I sat down next to my remaining magic clock and plugged it in. “I will make magic,” I promised myself, and started to download my magic clock app. I decided that since the download was taking so long, I’d go to bed and get the alarm and wake-up parts going the next day. There were many days of magic ahead. No need to rush or stay up late to make it work. Bedtime at 10, I was determined to get a good night sleep. Skinny dreams awaited me.

I woke up at 6 a.m. the next morning, checking my new magic clock and feeling refreshed and excited. Maybe just having the magic clock near me would make me sleep well! Maybe just the presence of this new promise was all I needed! I quietly padded out of bed, so as not to wake the hubby, pet the dog on the way to the bathroom and decided to check my email when I got back to my cozy bed and covers. “I don’t really need to be up until 6:30”, I thought, “Let me get started on my day! The world is full of possibilities!”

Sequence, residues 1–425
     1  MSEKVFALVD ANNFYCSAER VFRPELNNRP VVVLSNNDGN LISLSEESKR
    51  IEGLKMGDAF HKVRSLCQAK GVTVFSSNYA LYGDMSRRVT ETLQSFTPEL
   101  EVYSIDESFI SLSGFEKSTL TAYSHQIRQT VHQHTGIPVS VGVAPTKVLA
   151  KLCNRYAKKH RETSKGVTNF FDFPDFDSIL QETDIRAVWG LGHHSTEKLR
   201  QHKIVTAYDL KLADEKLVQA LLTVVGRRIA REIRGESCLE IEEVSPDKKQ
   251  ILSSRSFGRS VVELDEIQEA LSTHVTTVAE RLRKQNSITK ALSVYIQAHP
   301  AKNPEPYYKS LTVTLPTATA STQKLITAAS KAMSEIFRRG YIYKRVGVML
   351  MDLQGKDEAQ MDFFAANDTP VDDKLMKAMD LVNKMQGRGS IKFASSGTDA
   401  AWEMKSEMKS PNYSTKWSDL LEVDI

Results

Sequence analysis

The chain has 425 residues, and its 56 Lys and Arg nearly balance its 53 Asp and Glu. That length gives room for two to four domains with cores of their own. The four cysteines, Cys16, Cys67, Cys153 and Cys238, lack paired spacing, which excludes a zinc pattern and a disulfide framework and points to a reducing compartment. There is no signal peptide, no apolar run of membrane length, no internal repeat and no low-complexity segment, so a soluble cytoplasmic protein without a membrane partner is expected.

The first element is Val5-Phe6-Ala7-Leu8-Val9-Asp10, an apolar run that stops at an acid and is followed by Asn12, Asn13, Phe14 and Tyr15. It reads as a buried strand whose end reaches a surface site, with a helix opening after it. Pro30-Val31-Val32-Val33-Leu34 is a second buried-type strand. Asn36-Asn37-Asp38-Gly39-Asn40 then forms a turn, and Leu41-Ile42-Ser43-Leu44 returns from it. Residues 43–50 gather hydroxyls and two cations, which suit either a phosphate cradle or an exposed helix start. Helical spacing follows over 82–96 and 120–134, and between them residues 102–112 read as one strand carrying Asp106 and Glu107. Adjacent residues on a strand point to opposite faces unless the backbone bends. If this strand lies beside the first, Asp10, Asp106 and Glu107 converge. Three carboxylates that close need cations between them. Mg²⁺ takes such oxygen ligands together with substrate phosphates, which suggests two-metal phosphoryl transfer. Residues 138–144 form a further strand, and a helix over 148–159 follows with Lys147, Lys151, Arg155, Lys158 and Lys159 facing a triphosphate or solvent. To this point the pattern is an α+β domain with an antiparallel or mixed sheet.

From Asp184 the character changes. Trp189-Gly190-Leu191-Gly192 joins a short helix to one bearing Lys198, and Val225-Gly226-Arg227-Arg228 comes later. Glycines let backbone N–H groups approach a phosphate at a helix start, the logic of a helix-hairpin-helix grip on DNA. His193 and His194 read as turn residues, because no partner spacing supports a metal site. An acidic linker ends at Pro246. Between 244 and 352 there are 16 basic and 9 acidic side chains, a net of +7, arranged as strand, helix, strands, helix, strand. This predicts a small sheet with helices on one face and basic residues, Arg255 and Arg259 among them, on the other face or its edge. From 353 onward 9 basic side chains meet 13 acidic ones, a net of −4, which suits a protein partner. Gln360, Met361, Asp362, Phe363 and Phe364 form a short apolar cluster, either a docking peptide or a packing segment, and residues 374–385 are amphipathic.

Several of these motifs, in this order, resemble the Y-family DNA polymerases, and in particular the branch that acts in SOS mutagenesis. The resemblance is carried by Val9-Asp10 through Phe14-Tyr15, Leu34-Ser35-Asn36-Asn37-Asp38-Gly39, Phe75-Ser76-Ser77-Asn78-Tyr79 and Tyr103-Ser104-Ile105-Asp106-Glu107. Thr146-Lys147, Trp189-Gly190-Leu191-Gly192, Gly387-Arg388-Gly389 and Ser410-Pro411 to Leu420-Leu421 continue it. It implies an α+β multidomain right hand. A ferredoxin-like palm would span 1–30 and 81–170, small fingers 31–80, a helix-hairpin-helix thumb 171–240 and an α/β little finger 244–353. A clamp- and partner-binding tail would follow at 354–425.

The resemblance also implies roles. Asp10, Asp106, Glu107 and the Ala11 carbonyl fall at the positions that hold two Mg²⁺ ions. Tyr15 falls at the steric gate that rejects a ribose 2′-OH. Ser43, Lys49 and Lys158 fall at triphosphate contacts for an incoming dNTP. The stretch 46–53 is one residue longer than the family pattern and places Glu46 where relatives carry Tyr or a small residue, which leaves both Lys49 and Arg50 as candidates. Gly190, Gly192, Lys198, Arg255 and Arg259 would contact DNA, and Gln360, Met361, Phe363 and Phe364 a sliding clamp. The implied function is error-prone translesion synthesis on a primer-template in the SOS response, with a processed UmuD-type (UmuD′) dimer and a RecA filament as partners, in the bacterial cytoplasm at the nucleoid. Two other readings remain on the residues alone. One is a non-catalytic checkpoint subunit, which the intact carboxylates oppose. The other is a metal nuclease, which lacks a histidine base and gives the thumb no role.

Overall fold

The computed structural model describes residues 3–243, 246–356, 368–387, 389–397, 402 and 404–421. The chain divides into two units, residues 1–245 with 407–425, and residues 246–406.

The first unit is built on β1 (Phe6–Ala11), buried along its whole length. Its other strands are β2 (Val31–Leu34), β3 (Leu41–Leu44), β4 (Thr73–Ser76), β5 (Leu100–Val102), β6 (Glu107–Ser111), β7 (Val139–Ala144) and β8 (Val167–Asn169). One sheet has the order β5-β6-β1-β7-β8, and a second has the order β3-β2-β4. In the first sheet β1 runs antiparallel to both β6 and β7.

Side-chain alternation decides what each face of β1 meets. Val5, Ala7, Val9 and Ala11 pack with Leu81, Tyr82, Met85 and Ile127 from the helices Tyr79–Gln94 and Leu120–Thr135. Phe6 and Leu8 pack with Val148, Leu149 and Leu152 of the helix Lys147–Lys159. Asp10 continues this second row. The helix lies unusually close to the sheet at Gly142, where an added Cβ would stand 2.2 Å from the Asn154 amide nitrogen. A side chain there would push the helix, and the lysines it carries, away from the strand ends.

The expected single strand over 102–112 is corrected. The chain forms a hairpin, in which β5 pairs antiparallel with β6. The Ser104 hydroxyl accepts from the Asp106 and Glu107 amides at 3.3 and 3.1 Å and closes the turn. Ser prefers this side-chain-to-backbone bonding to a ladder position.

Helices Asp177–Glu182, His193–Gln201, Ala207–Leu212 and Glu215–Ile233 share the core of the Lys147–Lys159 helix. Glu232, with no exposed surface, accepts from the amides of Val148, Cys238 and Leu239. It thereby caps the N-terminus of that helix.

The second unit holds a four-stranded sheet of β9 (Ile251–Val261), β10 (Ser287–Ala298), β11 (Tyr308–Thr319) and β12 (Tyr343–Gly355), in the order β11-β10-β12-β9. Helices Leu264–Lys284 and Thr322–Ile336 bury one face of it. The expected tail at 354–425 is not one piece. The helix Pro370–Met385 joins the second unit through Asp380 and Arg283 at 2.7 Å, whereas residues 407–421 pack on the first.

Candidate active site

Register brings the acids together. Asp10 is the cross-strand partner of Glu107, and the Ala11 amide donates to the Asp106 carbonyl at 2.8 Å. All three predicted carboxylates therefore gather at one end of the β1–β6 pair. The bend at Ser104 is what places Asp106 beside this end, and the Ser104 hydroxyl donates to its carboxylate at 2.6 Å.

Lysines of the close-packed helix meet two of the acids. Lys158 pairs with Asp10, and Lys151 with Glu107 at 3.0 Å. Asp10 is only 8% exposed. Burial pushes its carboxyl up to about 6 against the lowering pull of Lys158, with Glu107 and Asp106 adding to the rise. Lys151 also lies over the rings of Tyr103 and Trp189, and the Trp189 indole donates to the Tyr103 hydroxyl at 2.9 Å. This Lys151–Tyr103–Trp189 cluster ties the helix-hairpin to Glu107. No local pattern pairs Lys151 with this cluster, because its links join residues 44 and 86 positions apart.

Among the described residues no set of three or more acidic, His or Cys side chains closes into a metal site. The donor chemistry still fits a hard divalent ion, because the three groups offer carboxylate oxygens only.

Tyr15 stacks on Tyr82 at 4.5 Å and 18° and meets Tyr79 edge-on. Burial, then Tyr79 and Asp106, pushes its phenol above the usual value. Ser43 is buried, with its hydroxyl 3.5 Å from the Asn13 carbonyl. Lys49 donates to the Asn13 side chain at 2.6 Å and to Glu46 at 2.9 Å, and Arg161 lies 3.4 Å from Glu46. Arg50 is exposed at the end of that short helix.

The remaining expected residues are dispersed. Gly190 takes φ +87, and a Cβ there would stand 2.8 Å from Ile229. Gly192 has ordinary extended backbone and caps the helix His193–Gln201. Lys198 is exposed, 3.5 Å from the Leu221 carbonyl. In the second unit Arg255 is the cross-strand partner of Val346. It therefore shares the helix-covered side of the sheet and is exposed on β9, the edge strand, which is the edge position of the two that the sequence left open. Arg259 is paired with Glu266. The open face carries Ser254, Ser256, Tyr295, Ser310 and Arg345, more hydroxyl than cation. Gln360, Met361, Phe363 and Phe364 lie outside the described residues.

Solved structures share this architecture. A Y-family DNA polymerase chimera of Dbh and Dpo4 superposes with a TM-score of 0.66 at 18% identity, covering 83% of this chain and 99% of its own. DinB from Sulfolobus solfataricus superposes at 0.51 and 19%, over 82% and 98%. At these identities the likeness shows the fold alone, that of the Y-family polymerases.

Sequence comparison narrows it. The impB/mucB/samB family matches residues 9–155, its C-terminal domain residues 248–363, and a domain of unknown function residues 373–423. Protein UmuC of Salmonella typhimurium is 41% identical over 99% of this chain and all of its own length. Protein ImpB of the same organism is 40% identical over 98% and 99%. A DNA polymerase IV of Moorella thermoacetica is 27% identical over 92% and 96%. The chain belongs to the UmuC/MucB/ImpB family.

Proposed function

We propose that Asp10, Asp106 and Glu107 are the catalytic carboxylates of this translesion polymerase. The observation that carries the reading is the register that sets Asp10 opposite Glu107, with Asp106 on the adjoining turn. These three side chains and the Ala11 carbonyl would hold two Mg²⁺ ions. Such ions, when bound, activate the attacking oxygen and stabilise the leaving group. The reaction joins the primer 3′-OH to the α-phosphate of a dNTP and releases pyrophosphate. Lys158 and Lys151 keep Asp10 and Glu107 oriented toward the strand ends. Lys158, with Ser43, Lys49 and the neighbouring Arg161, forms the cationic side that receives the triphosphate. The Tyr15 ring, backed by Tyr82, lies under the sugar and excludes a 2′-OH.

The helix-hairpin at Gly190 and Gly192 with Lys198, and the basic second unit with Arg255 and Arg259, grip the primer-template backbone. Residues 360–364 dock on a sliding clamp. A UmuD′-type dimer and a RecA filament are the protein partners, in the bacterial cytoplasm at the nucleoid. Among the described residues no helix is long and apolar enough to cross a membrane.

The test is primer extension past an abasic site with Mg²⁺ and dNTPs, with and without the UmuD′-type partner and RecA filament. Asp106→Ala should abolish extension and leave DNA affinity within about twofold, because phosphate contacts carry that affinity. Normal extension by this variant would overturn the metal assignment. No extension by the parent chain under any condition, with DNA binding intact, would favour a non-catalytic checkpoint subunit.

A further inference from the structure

I replied to emails, I read ones I had been neglected the day before. I wondered why my Daily Skimm email hadn’t arrived – it was always in my inbox by 6:13, like clockwork, keeping me informed about the world. I checked my magic clock. 6:30. I looked at my inbox. No Skimm. I looked at the ipad clock. 4:21. Wait, what? I grabbed my phone – 4:21. What was going on? The magic clock app had not yet downloaded. It was in a circular loop of technological purgatory, so the Bluetooth hadn’t yet connected to the magic clock to tell it what time it really was. Since I had plugged in the magic clock at 10 when I was going to bed, it simply had started from 12:00, default clock time, and counted hours from there. I had not woken up at 6 a.m. I had woken up 6 hours later, like a stinking stopwatch. It was 4:21 in the morning, and I was wide-awake. A total magic clock fail. And somehow, I reset my internal clock, so for the week following clockgate – I woke up – wide awake – every freaking morning – at 4 a.m. Every night. 4 a.m. Wide. Awake. Shoot me.